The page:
CHICAGO – When I turned on my phone after spending a recent Shabbat relaxing with my family on vacation, it beeped with a string of messages, each more stressful than the last.
A group of friends in Grand Rapids, Michigan, had organized a march protesting police brutality against the LGBT community and the police presence at the local Pride festival. Police had arrested two people, and a Jewish friend had their knee smashed by a bicycle cop.
My normal “catch up on what everyone has been talking about for 25 hours” period was spent looking through panicked posts of people describing injuries, trying to figure out the logistics of bail and jail support and helping plan a community response to police brutality.
The day before, local police arrested a 12-year-old boy who was running with a stick. The department had previously garnered national attention after a police captain asked ICE to investigate a man who turned out to be a U.S. citizen and a disabled Marine veteran. I angrily posted on my social media feed that I didn’t want to see another cop car parked in my shul parking lot.
The fact that synagogues and other Jewish spaces must have contact with an alphabet soup of local, state and federal law enforcement agencies is seen as a given. There are many people who actively seek to harm Jews for daring to be Jewish in public, and we need to protect ourselves.
However, how am I supposed to be able to trust that the same cops who brutalize marginalized communities truly care about my safety?
In June, Reveal News released a scathing investigation which found that hundreds of police officers across the United States were active members of a network of white supremacist Facebook groups that shared racist, anti-Semitic and Islamaphobic memes. Seventy-two police officers in Philadelphia were placed on administrative leave after an investigation by the Plain View Project found racist posts and threats of violence from officers on Facebook.
In 2006, the FBI expressed concern that white nationalist groups were actively attempting to infiltrate police departments. We need to take seriously the fact that the threat of white nationalist violence could be coming from within the systems we depend on to protect us.
Historically, Jews have had an adversarial relationship at times with police. Police arrested hundreds of Jewish women during the 1909 garment workers strike. The classic Yiddish anarchist song “In Ale Gasn” (Everywhere You Look) includes the jubilant chorus “Hey hey, daloy poliezei” (down with the police).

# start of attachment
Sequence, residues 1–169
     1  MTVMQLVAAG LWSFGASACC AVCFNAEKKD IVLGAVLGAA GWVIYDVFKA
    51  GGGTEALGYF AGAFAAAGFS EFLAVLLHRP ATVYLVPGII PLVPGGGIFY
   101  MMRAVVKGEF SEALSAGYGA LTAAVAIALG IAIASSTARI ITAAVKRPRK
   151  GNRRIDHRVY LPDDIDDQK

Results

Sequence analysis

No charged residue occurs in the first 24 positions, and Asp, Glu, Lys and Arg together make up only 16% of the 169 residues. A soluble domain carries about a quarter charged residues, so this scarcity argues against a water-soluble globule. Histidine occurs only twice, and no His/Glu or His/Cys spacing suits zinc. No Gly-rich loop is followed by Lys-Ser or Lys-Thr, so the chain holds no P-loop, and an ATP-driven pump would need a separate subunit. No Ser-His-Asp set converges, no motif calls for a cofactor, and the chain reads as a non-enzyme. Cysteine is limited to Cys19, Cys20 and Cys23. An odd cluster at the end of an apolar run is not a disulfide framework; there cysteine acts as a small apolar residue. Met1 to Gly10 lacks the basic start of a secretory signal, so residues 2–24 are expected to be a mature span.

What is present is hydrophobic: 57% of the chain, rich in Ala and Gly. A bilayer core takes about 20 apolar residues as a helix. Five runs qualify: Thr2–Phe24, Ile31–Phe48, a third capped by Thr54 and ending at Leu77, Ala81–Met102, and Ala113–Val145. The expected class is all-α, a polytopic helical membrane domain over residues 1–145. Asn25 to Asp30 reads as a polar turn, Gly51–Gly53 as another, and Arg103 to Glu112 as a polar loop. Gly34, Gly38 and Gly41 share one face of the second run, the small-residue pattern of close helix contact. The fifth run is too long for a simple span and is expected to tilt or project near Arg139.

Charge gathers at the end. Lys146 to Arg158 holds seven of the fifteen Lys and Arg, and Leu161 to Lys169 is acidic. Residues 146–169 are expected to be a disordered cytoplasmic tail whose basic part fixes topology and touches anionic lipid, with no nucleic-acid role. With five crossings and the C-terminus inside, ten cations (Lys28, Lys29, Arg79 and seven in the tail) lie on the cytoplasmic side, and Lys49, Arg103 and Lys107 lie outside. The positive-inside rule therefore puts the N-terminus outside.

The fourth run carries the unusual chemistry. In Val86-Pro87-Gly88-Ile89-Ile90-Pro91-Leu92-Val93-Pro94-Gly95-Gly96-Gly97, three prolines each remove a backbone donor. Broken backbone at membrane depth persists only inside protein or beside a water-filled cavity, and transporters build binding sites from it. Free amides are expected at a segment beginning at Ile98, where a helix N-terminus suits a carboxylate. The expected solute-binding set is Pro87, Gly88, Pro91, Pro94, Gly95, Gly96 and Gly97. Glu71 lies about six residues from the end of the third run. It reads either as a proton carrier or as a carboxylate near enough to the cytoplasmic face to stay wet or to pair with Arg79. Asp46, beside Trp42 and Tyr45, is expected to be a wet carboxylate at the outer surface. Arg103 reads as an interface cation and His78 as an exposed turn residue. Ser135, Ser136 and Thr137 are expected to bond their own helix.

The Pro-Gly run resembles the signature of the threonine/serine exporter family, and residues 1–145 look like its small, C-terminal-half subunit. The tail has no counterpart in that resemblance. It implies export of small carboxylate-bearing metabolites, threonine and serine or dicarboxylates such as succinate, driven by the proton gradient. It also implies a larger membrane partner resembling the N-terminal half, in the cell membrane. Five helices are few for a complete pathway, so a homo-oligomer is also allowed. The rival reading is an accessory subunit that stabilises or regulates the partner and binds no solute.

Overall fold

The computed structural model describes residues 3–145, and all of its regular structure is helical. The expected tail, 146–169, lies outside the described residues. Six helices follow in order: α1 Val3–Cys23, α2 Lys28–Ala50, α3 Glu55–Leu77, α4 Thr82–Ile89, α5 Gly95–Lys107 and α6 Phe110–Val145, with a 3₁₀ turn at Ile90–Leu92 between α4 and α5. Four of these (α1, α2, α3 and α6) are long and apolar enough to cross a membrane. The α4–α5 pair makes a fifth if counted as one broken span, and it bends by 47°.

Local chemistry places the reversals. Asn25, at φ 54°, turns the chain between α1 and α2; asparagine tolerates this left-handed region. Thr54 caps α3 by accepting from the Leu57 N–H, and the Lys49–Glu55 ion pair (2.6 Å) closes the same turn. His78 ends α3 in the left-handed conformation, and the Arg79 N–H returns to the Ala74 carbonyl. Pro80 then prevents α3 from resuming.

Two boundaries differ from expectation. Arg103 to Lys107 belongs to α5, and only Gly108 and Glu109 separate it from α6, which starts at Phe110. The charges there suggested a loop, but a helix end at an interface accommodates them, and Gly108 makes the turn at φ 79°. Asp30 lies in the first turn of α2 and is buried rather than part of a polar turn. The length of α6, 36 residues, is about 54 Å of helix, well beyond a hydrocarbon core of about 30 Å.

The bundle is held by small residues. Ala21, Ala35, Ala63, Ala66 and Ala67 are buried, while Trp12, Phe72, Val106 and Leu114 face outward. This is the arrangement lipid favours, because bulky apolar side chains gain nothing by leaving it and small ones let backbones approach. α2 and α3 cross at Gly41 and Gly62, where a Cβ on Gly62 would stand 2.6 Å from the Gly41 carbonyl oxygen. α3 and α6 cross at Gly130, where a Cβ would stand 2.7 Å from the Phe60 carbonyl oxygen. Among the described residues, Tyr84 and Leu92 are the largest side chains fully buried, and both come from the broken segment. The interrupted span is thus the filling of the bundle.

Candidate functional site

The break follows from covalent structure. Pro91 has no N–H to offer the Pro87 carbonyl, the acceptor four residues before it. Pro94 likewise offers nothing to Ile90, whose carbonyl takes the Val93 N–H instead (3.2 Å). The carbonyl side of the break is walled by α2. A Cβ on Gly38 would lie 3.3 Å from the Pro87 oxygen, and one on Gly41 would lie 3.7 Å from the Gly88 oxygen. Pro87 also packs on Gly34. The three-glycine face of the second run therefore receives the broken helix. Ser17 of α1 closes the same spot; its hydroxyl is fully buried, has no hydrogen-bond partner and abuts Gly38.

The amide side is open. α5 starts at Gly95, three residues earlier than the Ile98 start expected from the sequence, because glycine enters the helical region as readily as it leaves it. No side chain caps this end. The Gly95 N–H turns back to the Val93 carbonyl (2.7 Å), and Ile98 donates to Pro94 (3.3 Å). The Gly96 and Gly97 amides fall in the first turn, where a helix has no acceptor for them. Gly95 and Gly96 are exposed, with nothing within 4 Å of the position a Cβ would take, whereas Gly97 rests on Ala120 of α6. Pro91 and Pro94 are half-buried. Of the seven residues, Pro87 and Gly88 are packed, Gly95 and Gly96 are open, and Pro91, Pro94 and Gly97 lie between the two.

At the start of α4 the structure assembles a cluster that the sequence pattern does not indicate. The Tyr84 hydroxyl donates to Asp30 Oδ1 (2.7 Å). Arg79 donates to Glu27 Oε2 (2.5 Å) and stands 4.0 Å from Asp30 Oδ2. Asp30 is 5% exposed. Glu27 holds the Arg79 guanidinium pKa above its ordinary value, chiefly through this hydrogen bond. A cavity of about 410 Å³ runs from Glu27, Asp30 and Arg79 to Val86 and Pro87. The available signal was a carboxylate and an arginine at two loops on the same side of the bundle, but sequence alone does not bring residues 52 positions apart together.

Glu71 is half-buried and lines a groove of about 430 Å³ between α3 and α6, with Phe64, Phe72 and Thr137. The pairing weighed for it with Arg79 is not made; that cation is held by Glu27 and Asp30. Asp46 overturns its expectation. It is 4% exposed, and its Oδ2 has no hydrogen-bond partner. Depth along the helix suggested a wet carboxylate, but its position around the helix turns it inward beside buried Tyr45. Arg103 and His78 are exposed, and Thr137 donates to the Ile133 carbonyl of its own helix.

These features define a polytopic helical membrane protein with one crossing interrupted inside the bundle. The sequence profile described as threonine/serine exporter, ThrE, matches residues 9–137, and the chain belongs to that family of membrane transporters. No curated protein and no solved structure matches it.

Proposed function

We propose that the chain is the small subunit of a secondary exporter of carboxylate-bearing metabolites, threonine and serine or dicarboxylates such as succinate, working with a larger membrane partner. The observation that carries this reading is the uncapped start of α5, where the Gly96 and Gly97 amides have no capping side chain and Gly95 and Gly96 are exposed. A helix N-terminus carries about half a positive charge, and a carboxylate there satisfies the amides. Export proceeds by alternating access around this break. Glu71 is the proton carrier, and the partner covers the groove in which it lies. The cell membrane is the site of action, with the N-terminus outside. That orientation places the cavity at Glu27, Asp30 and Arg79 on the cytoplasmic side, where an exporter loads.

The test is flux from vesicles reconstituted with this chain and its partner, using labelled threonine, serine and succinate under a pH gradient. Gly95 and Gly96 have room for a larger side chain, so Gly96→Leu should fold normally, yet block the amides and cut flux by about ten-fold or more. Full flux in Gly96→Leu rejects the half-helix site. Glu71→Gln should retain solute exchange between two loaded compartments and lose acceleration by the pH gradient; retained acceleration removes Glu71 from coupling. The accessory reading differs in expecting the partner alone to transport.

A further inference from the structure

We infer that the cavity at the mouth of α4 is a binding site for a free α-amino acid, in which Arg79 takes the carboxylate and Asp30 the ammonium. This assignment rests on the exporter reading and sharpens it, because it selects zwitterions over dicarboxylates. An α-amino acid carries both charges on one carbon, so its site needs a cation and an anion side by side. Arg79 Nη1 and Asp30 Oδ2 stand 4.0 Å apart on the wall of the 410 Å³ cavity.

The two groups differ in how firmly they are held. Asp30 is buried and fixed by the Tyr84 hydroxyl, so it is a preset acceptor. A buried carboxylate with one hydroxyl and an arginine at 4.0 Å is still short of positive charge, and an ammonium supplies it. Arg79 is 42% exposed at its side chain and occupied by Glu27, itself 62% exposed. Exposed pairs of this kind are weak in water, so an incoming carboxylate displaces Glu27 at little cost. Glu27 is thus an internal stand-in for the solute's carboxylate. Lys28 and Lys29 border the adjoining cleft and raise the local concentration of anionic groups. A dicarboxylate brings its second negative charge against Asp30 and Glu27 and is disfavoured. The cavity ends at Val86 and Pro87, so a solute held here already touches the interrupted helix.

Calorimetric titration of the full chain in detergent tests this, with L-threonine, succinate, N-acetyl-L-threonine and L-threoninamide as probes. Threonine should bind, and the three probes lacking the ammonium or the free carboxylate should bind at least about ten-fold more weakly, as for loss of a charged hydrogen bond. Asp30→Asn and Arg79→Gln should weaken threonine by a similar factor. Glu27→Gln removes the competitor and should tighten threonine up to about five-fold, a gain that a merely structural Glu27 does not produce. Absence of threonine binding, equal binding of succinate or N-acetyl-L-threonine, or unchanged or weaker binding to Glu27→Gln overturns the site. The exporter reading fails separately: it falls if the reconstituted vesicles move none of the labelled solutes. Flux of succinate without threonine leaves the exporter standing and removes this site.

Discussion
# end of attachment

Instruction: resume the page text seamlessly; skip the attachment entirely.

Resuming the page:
In 2018, 14 Jews were arrested shortly after the Tree of Life shooting for protesting a Republican club in New York that had hosted the white nationalist group the Proud Boys. More recently, Jewish activists protesting the mistreatment of asylum seekers in detention camps run by ICE and CBP have been arrested at actions across the country. Livestream footage from a protest in Washington, D.C., showed police shoving protesters and attempting to drive police vehicles through a crowd of protesters.
I cannot reconcile the difference in how police treat us when we are praying in our synagogues compared to how they treat us when we are praying with our feet.
How can we uphold the commandment to care for the stranger when our religious schools hold contracts with the Department of Homeland Security, which is currently rounding up and caging children seeking asylum from unspeakable atrocities in Central America? Why do we even bother wondering why our communities aren’t more diverse when black and Latinx Jews, LGBT Jews, undocumented Jews and disabled Jews are not going to feel safe in spaces with a police officer guarding the door?
We need to see the cop car in the shul parking lot as a sign that the greater community has failed to protect us. If we had a functioning safety apparatus in place, people planning on violently terrorizing Jews would be apprehended before they ever reach a synagogue.
Cop cars in the parking lot, like the rituals we endure to fly on a plane, are simply meaningless security theater that do nothing but make us feel safe. The safety concerns facing the entire Jewish community, both in Israel and the Diaspora, are serious. But police departments that injure Jews, retaliate against community demands for accountability, kill children, give Nazis safe passage to harass people at Pride and invest $650,000 in ensuring that members of white nationalist groups can gather safely without having to face the slightest bit of accountability from the greater community are not the answer.
I don’t have an 18-point plan for alternative systems to police providing synagogue security, but we have to at least start having a conversation about next steps. What if rabbis and synagogues used their social clout and long-standing relationships with police departments to start having difficult discussions about police brutality and ensuring departments have systems in place to remove racist and anti-Semitic officers? What if departments and police unions didn’t assume that criticisms or demands for accountability were being made in bad faith?
A good first step for our communities would be viewing the police as only one small component of synagogue security, along with partnering with existing organizations envisioning alternatives to police. Many racial justice and immigration advocacy groups already have trained crowd safety teams that are providing security and accompaniment to vulnerable groups.
My friend was still experiencing so much pain in their leg weeks after being assaulted by an officer that they could no longer walk to synagogue on Shabbat. Instead of keeping them safe from threats to the community, local police have made it more difficult for them to participate in communal Jewish life. At this point, having to see a police car in the synagogue parking lot would only add insult to injury.